With a one-year return of negative 30% and a five-year return of negative 38%, Bombardier’s year-to-date return of 24% seems to signify that investors may be asking themselves if now is the time to buy this former investor darling because it is finally too cheap to ignore.
Let’s take a look
Bombardier has gone from a stock market darling in the late 90s to a perpetual dog, as persistent and non-relenting disappointments caused the stock to crash and burn, tumbling from highs of more than $25 to under $3 today.
It’s a steep and shocking fall, and while the company has at least survived, it is a mere speck of what it once was, and it has destroyed massive amounts of shareholder value in the process.
Recent trading has seen the stock continuing its volatile run, and currently trading 50% lower than its summer 2018 highs, contrarian investors might be tempted to invest in this once favourite Canadian industrial giant.
Recent results came in better-than-expected, as strength in the business and commercial jet divisions drove free cash flow of $1 billion and a year-end cash balance of $3.2 billion, but the situation remains quite precarious.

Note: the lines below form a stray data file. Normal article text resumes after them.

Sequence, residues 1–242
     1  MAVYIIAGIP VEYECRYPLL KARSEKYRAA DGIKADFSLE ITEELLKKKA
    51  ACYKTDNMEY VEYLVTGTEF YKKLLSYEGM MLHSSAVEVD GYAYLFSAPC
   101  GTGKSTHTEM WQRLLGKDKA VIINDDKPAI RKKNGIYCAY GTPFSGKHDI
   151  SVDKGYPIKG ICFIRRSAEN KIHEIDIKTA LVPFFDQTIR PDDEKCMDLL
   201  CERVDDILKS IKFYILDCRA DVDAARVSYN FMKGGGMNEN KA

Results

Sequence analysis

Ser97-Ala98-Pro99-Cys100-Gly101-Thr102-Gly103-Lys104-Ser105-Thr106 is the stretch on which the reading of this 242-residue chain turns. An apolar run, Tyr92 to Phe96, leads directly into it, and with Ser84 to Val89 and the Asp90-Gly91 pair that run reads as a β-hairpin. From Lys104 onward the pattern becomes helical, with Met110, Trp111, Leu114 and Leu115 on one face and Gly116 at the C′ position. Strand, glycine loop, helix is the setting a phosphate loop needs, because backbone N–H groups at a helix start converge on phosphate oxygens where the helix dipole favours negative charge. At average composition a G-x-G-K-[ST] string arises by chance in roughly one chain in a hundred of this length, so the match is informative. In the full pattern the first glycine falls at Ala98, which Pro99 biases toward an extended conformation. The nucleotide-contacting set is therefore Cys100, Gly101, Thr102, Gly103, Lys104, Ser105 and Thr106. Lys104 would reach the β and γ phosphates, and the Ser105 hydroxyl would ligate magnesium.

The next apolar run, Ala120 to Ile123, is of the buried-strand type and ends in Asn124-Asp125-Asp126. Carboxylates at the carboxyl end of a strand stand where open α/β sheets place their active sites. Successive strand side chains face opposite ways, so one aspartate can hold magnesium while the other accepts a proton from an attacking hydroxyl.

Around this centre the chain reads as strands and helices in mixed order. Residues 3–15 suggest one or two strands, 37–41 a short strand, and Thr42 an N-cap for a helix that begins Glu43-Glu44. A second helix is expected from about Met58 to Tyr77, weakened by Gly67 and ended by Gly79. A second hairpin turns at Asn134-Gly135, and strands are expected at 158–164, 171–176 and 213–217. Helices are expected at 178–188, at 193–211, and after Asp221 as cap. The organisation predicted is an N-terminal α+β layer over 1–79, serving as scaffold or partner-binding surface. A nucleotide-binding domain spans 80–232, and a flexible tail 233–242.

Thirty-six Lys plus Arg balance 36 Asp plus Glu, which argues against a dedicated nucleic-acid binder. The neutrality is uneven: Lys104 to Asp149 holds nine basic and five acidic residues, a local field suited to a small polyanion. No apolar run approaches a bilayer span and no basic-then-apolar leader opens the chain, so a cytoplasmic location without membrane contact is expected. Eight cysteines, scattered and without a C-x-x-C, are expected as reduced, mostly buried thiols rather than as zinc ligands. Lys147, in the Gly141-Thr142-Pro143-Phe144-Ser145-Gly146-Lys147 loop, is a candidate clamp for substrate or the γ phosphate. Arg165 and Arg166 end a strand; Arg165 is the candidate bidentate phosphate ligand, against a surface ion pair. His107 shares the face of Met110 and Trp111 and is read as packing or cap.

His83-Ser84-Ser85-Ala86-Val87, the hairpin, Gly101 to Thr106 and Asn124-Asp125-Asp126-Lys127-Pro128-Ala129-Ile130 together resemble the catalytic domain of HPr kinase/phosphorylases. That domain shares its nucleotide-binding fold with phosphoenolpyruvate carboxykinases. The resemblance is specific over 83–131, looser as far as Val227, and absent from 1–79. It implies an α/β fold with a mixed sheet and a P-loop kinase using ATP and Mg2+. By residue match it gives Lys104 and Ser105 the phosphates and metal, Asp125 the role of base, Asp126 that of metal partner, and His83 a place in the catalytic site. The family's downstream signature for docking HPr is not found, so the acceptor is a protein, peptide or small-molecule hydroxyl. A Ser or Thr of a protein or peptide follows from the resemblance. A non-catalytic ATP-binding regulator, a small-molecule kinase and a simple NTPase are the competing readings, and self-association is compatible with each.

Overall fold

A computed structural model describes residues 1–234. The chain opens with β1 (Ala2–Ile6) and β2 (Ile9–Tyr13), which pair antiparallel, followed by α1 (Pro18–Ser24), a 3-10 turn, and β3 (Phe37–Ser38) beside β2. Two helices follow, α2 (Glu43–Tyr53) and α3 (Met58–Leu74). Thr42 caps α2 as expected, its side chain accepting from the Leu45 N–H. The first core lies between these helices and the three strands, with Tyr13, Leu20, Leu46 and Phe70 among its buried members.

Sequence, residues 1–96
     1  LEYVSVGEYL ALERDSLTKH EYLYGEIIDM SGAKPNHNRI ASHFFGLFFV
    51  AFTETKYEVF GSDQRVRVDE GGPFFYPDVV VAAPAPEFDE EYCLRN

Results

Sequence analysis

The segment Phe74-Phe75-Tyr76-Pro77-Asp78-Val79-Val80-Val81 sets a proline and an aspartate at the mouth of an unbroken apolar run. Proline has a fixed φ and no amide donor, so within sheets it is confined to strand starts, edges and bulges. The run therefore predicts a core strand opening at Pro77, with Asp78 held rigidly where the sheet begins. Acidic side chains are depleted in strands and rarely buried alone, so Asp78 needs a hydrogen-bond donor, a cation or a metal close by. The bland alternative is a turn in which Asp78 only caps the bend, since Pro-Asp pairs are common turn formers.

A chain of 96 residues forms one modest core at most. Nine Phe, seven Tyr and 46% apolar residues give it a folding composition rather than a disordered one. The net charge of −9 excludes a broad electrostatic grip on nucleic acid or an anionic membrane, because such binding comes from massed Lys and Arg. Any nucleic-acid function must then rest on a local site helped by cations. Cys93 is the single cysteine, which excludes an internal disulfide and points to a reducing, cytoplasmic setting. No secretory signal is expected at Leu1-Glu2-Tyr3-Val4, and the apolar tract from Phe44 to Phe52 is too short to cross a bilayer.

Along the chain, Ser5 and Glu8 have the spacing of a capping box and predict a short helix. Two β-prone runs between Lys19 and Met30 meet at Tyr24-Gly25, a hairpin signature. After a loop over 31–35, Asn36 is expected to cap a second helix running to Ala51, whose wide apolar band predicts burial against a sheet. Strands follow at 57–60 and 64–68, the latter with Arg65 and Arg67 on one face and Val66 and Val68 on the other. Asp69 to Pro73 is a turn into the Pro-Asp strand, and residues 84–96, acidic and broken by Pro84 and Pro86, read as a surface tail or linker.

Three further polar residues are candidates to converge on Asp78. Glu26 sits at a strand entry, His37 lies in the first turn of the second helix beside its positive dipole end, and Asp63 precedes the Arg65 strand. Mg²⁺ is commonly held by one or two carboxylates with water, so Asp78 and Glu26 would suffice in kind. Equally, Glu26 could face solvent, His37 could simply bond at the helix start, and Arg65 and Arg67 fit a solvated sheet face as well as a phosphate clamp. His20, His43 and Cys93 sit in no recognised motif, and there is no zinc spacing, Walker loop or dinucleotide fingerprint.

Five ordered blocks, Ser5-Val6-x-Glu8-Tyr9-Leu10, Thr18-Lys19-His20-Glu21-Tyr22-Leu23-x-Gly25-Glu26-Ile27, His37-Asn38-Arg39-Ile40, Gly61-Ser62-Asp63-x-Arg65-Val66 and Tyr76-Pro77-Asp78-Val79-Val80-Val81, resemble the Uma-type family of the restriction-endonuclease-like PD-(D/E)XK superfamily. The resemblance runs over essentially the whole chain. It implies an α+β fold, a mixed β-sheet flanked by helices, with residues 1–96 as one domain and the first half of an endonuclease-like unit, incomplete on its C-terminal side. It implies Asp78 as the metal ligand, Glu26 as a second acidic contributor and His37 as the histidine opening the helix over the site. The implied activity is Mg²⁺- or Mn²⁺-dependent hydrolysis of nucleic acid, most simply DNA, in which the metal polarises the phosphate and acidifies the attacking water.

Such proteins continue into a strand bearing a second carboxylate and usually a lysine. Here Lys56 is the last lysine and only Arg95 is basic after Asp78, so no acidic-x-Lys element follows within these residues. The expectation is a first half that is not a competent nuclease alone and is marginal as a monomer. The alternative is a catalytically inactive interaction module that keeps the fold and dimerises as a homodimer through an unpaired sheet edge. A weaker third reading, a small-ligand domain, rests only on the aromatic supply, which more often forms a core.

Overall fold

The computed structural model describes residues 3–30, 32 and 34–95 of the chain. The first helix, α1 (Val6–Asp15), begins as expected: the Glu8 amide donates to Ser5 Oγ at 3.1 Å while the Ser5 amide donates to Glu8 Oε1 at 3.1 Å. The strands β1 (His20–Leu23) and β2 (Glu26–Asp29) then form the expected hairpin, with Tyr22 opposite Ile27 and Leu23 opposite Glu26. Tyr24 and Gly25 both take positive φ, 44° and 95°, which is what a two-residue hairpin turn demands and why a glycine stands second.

Bombardier will use cash at a feverish pace as the Global 7500 business jet program is ramped up, and the struggles in the transportation division remain.
Capital spending will remain elevated over the next year or so, debt levels are still high (89% debt to capital), and management and the company still need to prove themselves.
Because choppy orders, massive overspending, delays, and disappointments are what have characterized this company, investors really need to be reassured.
A grain of reassurance comes in the fact that Bombardier is expecting $8.5 billion in annual revenue by 2020, up from $5 billion last year, largely driven by the Global 7500 aircraft.
Another grain comes in the fact that Bombardier has reported better-than-expected earnings in the last year or so, and this means a lot.
With valuation levels so low, this should certainly start to move the needle on the share price.
Also, if everything works out as planned (which is, admittedly, a big if), EPS will grow at a feverish pace in the next few years (50% approximate yearly growth rates).
So, big upside potential is certainly there, but in my view, this stock is only for the speculative investor for now.
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Fool contributor Karen Thomas has no position in any of the stocks mentioned.